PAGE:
• Sarah Margaret Henry

Ranked: Books With Animals in the Title



I've decided that it's time to add a book club element to my blog.


Since I don't want to start off all high-brow (although we'll certainly get there), I want to begin this humble series with something straightforward, inane, and completely subjective.


I love animals. That's a secret to no one.


I also love reading. Again. Not a secret.


So I've decided to combine my two favorite things and rank books I've read that have animals in the title.


Pretty simple premise, glad we're all on board. Let's get started, shall we?


Disclaimer: If you feel inspired to read one of these books, the links to their page on Amazon would give me a small commission at no cost to you. So if any of these novels are on your reading list, do your girl a favor and send a few cents her way by using the links below.


5. To Kill a Mockingbird


Truly an American classic to be sure, but the title's a bit of a red herring. By that, I mean akin to the phrase red herring, it's a metaphor using a bird to represent something else and the book features exactly zero real birds.


With a name like that, you'd hope at least someone had a pet parakeet, just so you can meet at least one friendly bird face, but no, you only get metaphors.


4. Lord of the Flies


Again, alarming lack of a focus on the flies promised in the title. While they certainly lived on the tropical island, they played no critical role as a character en masse. Again, the author chooses only to use animal names metaphorically.


This trend continues when they nickname the one boy "Piggy."


And come on. That's just straight up rude.


3. Bird Box


At least there's actual birds in this one. They do play a critical role in the plot, but their characterization is severely lacking. Not one of them gets a pet name, and the characters only use them as tools for survival. I get that it's the apocalypse and all, but these little heroes deserve some names for their service.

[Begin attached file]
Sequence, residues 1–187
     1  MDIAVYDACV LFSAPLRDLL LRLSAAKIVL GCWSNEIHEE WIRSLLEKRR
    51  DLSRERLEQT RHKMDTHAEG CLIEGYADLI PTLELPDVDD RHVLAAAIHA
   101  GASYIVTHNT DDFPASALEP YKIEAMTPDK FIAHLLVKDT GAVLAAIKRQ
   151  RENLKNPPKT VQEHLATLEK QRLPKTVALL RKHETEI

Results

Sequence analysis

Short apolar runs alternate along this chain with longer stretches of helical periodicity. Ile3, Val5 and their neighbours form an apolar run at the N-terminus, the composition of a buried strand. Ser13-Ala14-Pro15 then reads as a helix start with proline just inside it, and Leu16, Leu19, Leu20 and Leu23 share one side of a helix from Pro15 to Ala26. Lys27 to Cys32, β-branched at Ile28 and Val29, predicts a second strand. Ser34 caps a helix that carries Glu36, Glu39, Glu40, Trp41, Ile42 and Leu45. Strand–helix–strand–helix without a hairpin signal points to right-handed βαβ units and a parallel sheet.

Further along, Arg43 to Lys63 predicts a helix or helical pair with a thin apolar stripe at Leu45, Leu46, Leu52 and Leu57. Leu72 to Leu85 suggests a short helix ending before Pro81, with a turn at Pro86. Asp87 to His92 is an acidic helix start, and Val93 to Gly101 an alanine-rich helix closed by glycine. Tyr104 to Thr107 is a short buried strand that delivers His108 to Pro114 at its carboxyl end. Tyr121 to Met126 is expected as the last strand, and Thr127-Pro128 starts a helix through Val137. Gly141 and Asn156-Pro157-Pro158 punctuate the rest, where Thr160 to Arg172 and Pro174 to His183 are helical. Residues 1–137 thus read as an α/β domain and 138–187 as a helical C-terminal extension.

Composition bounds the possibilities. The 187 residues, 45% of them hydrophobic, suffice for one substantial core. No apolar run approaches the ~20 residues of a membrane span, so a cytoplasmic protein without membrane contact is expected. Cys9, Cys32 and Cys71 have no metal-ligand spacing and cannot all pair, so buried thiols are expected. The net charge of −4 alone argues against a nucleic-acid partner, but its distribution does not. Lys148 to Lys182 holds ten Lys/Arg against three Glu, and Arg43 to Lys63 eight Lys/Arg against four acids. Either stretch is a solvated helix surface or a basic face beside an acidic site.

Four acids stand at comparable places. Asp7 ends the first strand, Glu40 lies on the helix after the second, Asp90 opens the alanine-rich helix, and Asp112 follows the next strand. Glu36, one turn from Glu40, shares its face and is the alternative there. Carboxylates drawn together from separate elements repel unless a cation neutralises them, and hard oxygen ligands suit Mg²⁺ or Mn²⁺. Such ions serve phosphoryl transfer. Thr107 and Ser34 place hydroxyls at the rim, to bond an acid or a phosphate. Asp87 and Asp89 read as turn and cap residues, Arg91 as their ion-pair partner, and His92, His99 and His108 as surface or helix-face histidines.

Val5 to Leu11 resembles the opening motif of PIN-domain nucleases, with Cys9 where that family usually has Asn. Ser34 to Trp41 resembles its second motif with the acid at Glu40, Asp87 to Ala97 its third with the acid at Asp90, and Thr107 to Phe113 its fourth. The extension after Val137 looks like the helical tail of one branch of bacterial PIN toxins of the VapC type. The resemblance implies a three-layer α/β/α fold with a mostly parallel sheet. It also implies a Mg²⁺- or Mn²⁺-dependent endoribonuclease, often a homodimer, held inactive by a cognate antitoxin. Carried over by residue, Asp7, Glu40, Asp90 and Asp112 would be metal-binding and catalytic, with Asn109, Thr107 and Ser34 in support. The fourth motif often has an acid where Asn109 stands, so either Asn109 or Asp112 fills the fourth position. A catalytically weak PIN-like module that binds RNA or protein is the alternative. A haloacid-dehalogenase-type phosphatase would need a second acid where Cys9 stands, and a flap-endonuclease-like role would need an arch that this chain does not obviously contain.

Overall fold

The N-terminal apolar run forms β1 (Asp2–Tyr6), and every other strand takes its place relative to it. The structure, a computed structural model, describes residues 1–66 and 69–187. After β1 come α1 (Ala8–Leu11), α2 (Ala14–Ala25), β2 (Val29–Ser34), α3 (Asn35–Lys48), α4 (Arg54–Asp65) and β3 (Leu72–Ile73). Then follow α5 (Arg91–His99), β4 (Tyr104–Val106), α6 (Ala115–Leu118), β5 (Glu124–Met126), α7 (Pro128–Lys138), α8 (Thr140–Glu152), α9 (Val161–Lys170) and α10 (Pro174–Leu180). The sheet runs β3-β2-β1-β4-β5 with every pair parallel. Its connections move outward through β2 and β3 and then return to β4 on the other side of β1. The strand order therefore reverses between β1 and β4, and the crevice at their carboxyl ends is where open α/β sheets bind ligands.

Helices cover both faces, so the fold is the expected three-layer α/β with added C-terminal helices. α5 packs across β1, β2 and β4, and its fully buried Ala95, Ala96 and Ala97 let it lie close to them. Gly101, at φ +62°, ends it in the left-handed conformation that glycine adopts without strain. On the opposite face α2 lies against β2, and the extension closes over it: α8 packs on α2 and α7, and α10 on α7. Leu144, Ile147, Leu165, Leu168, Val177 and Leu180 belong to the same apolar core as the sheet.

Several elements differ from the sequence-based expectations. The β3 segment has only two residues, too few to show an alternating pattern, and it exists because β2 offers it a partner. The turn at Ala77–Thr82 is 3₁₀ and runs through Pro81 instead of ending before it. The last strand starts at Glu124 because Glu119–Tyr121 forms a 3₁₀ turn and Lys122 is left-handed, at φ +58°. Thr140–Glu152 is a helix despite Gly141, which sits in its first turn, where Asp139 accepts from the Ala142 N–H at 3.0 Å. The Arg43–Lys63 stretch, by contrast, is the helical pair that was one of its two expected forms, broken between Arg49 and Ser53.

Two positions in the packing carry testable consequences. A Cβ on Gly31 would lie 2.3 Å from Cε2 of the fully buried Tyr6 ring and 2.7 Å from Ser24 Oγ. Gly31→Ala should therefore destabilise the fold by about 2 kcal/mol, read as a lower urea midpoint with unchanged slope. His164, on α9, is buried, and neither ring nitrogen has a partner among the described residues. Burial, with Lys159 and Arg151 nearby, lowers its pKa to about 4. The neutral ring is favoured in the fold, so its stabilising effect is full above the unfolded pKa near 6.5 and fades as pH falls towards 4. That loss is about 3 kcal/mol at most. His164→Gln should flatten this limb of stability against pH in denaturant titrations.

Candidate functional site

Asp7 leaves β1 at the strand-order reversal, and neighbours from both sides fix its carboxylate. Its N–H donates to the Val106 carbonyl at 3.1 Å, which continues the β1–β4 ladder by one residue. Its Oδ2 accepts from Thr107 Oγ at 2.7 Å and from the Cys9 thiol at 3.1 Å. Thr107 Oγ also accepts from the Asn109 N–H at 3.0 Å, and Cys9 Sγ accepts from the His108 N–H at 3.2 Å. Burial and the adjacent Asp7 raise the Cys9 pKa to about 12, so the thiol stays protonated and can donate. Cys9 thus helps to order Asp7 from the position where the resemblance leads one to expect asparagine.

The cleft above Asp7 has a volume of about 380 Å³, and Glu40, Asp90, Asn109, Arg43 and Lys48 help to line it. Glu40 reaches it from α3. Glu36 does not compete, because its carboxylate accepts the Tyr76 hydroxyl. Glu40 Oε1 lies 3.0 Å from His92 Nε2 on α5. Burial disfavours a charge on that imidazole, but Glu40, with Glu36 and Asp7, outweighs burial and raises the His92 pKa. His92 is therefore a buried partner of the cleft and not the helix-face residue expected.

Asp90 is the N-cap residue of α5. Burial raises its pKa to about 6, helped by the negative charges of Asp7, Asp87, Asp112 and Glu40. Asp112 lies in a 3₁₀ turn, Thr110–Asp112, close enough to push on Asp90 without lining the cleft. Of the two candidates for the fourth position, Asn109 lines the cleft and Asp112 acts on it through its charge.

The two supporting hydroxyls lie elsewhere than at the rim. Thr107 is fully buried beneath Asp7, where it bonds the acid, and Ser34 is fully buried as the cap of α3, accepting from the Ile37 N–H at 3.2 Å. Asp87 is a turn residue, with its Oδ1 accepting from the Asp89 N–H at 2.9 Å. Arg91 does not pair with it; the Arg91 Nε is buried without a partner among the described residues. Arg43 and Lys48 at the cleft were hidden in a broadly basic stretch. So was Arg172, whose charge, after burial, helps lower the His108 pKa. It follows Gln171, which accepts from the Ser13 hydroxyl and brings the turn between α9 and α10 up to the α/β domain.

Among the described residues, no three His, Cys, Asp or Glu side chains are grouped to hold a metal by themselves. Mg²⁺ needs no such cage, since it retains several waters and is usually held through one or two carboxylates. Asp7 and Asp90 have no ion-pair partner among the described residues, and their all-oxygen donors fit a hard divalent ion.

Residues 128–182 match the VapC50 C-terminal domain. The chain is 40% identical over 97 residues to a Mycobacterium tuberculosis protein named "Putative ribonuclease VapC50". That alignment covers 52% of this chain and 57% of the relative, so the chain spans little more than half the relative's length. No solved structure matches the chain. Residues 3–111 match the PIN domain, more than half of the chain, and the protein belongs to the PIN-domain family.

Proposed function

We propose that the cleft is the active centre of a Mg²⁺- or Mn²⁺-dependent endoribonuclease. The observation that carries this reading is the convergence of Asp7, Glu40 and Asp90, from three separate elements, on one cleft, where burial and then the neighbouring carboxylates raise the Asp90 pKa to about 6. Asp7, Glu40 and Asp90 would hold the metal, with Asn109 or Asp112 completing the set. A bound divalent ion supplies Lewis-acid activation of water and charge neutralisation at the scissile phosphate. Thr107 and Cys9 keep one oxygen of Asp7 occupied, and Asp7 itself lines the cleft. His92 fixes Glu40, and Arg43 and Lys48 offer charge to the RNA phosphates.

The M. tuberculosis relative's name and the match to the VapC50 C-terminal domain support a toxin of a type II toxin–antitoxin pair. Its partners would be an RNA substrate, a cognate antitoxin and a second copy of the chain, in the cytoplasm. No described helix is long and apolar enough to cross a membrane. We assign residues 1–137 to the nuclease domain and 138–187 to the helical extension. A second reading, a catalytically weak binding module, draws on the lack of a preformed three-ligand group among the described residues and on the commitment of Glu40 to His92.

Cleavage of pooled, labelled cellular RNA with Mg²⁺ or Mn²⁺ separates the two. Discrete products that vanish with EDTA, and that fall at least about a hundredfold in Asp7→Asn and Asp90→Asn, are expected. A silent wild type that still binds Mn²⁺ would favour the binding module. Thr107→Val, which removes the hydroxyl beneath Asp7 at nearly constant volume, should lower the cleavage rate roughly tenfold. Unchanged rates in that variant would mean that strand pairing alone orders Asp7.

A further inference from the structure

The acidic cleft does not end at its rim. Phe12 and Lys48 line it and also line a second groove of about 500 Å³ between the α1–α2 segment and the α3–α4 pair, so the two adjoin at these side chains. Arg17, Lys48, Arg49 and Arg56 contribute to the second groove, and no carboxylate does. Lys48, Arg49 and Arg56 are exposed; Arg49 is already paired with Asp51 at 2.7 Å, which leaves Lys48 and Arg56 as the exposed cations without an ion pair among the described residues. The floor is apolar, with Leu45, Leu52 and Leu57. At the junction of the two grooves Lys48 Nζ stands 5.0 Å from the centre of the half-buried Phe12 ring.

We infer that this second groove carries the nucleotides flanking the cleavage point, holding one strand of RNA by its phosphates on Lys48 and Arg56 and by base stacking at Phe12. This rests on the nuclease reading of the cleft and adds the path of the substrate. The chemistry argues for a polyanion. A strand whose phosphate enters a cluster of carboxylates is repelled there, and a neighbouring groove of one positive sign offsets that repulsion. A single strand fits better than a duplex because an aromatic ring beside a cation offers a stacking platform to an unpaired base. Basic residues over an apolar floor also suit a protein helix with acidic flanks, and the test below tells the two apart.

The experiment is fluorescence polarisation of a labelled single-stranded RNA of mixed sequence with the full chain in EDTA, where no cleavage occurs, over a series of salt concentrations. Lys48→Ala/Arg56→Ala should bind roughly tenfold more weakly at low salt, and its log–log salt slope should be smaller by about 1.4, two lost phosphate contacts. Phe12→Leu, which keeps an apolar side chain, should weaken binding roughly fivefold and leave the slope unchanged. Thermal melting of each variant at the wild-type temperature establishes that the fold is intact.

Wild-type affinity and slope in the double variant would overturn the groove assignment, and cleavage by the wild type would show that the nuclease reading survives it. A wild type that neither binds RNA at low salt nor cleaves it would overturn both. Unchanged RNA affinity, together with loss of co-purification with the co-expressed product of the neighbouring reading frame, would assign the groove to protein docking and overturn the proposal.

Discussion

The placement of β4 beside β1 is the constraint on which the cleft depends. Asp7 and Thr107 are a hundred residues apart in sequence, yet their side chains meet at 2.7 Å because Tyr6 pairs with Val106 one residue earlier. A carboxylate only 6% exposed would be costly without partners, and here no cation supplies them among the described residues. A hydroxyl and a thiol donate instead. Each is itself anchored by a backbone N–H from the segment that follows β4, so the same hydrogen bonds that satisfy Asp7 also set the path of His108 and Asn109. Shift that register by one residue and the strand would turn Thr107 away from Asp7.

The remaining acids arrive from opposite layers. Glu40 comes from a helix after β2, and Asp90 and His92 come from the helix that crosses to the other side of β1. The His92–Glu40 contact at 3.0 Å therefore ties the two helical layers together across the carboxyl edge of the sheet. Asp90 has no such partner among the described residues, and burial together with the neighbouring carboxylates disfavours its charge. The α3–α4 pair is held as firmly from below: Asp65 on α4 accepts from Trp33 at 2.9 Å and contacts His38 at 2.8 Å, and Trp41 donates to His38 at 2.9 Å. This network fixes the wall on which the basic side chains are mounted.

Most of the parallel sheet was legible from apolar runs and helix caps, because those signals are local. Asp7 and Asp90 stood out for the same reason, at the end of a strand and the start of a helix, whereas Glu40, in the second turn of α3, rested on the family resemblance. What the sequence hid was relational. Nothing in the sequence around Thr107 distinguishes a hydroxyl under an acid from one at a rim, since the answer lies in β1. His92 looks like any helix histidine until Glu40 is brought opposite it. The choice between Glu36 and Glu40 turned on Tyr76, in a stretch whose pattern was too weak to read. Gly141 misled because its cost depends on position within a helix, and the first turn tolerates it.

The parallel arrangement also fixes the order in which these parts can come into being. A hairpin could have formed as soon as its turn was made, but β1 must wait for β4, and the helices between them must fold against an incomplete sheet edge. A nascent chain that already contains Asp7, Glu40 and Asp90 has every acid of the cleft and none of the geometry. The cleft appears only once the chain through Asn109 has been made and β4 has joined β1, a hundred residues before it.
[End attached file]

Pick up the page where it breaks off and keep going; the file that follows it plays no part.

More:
I'd feel much more comfortable traversing a dangerous river blindfolded if I was being led by Nugget, Guinevere and Kumquat.


2. Animal Farm


If the last piece lacked characterization in their animals, Orwell's Animal Farm more than delivers. They talk, strut, and institute violent dictatorial communism.


As one does.


Beyond their characterization and plot focus, the true center of the novel is not the animals at all. Orwell just manipulates farm animals as pawns in his little allegorical game.


But he makes pigs the villain, which is absolutely the right move, because I truly believe that pigs are inherently evil. So he got that right.


But he made the dogs malicious and exploitable by the king pig for his evil plot, so Orwell loses points there.


1. Don't Let the Pigeon Drive the Bus


Impeccable work of art. An underappreciated American classic. A tale rife with raw human emotion in avian form. The pigeon explores a range of the experience essential to the human condition. Truly an unparalleled piece in prose and illustration. 10/10, would recommend to any and all who love literature.



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So there you have it, folks! The conclusive work on ranking novels with animals in the title.


What did I miss? What's your favorite book with an animal title? Begin the literary discourse in the comments!













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